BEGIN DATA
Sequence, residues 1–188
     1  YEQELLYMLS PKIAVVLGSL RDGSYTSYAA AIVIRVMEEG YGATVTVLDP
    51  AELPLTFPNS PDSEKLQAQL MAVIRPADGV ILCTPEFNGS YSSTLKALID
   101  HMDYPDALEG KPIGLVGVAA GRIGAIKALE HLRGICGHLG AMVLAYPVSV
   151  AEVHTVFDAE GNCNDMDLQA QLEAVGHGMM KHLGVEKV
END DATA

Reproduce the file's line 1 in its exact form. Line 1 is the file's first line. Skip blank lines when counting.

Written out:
Sequence, residues 1–188